RPM, Volume 15, Number 29, July 14 to July 20, 2013

Augustine on Adam's Fall

By Kenneth R. Samples

Arguably the greatest of the church fathers, Augustine of Hippo (AD 354-430) is widely considered one of the most influential theologians in Christian history. He is especially recognized as having a profound impact on how Christian orthodoxy defined and formulated essential Christian doctrine. Since the crucial doctrine of original sin has presently fallen somewhat out of favor (pardon the pun) in some quarters of the Christian church, I thought it would be instructive to briefly explore some of St. Augustine's provocative thinking on Adam's catastrophic fall into sin.

According to Augustine, Adam in his original state of creation was free, but he was nevertheless still dependent upon divine grace. Augustine saw human beings as utterly dependent upon God's unmerited favor at every stage of their life and being. Though Adam was created immortal, he was not impervious to death, but he had the capacity for bodily immortality. In fact, Augustine thought that if Adam had remained obedient and not sinned, he would have been confirmed in divine holiness.

Augustine's Three States of Adam

1.Adam's original state is characterized by the Latin phrase posse non peccare et mori ("able not to sin and die"). That is, in Adam's original state of righteousness, he had the capacity and was responsible to avoid sin and the subsequent spiritual and physical death that resulted from it.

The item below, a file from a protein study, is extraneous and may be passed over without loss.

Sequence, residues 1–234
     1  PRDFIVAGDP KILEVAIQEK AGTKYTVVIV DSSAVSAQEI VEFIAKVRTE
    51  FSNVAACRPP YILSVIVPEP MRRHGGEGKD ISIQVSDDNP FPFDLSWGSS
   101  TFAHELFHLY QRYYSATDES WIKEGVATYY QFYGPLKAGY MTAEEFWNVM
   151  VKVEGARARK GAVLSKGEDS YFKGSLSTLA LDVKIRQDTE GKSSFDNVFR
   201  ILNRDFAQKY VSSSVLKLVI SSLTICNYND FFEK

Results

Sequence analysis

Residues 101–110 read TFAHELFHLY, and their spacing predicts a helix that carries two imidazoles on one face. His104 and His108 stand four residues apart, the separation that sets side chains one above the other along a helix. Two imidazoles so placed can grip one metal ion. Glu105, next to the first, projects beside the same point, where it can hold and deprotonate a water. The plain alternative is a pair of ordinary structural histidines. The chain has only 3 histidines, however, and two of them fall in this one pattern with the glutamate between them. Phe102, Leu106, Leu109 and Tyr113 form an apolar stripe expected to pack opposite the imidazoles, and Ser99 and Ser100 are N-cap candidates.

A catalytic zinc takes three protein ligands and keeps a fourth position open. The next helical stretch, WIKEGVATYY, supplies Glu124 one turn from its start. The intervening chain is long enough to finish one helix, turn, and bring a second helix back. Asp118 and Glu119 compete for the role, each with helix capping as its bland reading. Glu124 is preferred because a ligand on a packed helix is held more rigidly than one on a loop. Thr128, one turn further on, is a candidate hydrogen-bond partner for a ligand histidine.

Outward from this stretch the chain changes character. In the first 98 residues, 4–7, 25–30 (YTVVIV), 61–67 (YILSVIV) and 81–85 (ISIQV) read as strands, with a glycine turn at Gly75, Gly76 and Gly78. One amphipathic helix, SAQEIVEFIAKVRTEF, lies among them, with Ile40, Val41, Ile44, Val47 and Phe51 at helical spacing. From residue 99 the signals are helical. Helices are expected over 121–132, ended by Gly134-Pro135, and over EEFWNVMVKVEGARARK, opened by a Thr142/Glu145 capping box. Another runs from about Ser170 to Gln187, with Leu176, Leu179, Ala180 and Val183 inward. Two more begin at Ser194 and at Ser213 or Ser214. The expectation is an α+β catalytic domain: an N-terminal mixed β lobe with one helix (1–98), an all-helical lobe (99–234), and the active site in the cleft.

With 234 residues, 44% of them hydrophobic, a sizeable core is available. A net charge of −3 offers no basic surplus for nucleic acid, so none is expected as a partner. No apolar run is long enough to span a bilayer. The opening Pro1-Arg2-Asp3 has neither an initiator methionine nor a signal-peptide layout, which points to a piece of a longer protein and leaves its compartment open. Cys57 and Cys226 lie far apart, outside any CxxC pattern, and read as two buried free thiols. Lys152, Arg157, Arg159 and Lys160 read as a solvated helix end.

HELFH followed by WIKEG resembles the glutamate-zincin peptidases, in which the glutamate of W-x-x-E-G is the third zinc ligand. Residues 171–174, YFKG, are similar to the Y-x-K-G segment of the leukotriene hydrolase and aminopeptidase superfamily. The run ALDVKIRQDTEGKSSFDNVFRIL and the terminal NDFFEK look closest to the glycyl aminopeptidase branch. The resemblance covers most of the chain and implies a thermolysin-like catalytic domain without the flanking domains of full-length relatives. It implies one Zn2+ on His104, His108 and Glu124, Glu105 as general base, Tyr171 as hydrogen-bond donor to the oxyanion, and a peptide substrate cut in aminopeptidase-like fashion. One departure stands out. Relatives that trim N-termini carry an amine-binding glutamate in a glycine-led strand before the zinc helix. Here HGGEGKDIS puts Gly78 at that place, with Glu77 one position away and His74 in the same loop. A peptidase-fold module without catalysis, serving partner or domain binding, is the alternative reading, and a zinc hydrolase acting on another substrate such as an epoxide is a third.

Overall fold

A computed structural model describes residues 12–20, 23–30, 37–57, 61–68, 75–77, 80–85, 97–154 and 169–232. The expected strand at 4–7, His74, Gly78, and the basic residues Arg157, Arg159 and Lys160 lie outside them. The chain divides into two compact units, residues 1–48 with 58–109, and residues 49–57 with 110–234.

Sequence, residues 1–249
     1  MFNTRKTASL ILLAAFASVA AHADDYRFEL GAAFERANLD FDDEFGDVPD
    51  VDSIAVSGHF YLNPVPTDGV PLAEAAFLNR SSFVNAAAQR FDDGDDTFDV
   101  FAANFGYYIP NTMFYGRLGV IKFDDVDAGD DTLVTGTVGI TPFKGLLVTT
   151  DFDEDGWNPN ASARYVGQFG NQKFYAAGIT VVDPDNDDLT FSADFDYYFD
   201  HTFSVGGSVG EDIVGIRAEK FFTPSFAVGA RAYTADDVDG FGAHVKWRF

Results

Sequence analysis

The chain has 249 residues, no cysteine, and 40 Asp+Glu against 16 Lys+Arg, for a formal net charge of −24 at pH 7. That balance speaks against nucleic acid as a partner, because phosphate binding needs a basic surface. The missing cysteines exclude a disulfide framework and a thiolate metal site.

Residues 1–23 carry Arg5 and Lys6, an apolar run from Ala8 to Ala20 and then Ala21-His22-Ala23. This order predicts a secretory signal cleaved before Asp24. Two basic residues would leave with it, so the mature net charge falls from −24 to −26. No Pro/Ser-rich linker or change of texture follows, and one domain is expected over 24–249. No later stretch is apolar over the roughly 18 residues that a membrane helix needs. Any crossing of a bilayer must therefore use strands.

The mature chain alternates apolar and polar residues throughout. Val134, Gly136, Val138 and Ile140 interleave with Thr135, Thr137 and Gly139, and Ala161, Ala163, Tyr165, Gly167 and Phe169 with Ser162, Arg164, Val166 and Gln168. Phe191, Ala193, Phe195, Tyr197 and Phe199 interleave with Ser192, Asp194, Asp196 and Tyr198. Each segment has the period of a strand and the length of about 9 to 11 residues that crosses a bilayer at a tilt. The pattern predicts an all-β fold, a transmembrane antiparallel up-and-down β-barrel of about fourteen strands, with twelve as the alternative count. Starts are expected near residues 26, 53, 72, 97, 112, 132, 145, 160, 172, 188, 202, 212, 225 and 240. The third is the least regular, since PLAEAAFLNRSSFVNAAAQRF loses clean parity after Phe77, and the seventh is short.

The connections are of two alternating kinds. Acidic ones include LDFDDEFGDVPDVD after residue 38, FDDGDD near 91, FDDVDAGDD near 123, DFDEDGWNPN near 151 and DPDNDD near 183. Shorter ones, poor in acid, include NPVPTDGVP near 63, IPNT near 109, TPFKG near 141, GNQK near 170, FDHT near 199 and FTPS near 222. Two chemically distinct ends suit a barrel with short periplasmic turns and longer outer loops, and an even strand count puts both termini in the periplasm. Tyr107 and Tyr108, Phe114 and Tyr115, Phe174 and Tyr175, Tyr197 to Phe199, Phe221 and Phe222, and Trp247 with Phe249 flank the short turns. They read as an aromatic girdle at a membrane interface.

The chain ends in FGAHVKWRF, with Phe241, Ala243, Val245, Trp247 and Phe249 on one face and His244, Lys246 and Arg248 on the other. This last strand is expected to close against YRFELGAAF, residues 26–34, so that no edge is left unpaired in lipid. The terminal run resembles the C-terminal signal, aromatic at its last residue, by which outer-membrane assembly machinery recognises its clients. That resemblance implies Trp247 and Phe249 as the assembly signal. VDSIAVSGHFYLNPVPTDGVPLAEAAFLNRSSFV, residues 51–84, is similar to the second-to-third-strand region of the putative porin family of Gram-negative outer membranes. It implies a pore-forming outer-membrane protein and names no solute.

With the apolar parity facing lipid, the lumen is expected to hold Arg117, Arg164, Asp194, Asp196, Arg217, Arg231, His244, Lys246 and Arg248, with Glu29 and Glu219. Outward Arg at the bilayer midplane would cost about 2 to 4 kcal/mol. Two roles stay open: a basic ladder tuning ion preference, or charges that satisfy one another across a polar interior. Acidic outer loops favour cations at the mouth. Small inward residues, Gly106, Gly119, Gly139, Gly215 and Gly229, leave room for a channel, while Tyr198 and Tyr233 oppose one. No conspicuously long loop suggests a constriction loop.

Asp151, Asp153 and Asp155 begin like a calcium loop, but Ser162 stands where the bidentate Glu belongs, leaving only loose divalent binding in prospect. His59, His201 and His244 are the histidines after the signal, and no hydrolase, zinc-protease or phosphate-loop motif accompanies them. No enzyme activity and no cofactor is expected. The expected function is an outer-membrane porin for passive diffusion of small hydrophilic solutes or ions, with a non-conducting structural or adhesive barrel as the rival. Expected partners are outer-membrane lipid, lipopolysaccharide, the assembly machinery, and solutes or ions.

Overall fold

2.Adam's potential state is expressed in the Latin phrase non posse peccare et mori ("not able to sin and die"). That is, if Adam had remained obedient to God then God would have transformed him to where he would be forever confirmed in holiness and therefore apart from sin and the resulting death that necessarily follows it. However, one should not think that Augustine was in any way implying that God was taken by surprise when Adam sinned.

3.Adam's actual state is reflected in the Latin phrase non posse non peccare et mori ("not able not to sin and die"). Because of Adam's willful act of rebellion he has become enslaved by sin and cannot of his own will avoid its power and lethal consequence. Augustine viewed Adam's fallen state as pitiful and damnable before God.

Augustine argued that all humanity was connected to Adam in an organic sense and that his sin nature (including both guilt and corruption) had been transmitted to his progeny. For Augustine, the whole human race was germinally present in Adam, and therefore actually sinned in him.

Augustine also argued eloquently that the only hope for fallen and enslaved humanity is the grace of God that comes in the life, death, and resurrection of the God-man Jesus Christ.

While many Protestant evangelical theologians view Adam as being the federal representative of humanity (Romans 5:12, 18-19), a sizable segment of evangelical theological thought nevertheless sees themselves as being Augustinian in their basic view of sin and in affirming the absolute necessity of grace in salvation.

The doctrine of original sin is a critical biblical teaching and Christians should reflect upon the great divine grace that rescues us from our enslavement to sin.

For more on an evangelical assessment of Augustine's views concerning Adam's fall, see Louis Berkhof, The History of Christian Doctrines (Grand Rapids, MI: Baker, 1937), 131-39; Harold O.J. Brown, Heresies (New York: Doubleday, 1984), 200-07; Alister E. McGrath, Historical Theology (England: Blackwell, 1998), 79-85.

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